Although rare, HIV transmission is one of the most feared consequences of sexual assault. While availability of medications to prevent HIV transmission (HIV nonoccupational postexposure prophylaxis [HIV nPEP]) is increasing, little is known about emergency department (ED) prescribing practices and patient adherence to treatment recommendations.
To determine factors associated with offering, following up with, and adhering to treatment when HIV nPEP is initiated for sexual assault victims.
This was a retrospective chart review of female patients presenting with complaint of sexual assault to an urban ED from October 1, 1999, to September 30, 2002. HIV nPEP medications and/or follow-up were provided without charge. Chi-square analysis identified factors associated with being offered or referred for nPEP and follow-up. Variables significant at the p < 0.10 level were entered into logistic regression analysis.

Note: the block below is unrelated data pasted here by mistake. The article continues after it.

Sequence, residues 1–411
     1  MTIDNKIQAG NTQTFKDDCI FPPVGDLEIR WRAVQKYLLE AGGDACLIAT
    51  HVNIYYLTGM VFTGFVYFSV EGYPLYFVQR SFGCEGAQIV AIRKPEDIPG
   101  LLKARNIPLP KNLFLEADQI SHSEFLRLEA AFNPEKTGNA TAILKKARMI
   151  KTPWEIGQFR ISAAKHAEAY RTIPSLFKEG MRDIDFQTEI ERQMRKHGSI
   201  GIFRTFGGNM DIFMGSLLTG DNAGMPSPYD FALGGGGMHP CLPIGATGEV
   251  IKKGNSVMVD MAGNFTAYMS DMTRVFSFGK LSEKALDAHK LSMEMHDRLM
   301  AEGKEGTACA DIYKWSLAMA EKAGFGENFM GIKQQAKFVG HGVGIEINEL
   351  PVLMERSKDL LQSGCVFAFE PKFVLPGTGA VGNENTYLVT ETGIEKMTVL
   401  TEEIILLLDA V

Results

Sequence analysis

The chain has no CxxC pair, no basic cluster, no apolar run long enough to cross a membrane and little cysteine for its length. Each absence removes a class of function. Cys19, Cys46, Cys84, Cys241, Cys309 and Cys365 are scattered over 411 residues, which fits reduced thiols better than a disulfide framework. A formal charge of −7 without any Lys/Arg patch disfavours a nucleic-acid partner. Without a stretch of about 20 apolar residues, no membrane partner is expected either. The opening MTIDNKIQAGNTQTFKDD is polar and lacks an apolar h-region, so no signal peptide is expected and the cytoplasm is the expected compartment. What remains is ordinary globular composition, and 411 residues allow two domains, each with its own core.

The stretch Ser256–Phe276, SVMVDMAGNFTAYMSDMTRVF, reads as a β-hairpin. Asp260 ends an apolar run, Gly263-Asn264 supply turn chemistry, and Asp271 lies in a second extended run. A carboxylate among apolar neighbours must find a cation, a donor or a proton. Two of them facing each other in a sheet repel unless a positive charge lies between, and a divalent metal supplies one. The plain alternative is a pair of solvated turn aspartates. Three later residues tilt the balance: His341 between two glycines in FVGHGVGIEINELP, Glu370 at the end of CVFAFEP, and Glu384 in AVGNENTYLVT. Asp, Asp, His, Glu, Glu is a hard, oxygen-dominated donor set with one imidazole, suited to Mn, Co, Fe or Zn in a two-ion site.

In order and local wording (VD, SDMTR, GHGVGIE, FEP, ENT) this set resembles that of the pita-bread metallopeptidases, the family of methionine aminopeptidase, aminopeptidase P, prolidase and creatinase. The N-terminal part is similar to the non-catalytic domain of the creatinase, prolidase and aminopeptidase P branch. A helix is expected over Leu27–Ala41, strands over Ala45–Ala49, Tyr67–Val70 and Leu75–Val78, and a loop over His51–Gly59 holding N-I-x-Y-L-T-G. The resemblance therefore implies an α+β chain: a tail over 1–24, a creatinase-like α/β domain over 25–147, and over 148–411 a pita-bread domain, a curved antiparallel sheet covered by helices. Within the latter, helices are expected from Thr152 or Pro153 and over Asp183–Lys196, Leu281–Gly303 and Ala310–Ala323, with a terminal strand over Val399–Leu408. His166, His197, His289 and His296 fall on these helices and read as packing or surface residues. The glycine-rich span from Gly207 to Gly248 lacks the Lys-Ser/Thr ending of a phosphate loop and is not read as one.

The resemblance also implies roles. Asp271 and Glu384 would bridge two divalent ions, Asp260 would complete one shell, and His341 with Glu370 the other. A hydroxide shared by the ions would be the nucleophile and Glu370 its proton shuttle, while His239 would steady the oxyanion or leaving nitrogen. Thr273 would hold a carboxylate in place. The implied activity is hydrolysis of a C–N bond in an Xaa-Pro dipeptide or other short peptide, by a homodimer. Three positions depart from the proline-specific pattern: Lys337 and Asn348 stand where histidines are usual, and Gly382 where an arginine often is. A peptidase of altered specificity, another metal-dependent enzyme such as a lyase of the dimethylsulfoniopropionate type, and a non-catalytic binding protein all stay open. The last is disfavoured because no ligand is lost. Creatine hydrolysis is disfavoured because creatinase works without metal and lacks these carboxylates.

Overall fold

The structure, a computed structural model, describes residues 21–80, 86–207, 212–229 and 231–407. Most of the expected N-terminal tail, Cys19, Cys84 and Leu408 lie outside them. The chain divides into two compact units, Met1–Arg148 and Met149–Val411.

Two hundred twenty-nine charts were reviewed. The final sample size was 181. Mean age was 29.1 years; median time from assault to presentation was 10.1 hours; 51.5% of the assailants were known to the victims. HIV nPEP was offered to 89 (49%) patients, and 11 patients were referred to an HIV nurse. Eighty-five (85%) patients accepted, 38 of these 85 (45%) followed up, and 18 of the 85 (21%) completed treatment. In multivariate analysis, three variables were statistically significantly associated with increased likelihood of referral or being offered HIV nPEP: unknown assailant, having insurance, and younger age. Treatment was completed by 15 of 82 (18%) of ED-initiated patients, versus three of three (100%) referred for initiation. The authors were unable to identify factors associated with completing treatment.
HIV nPEP was offered to less than half of sexual assault patients, and few completed treatment. Further studies are needed to evaluate and improve appropriateness of HIV nPEP administration and follow-up.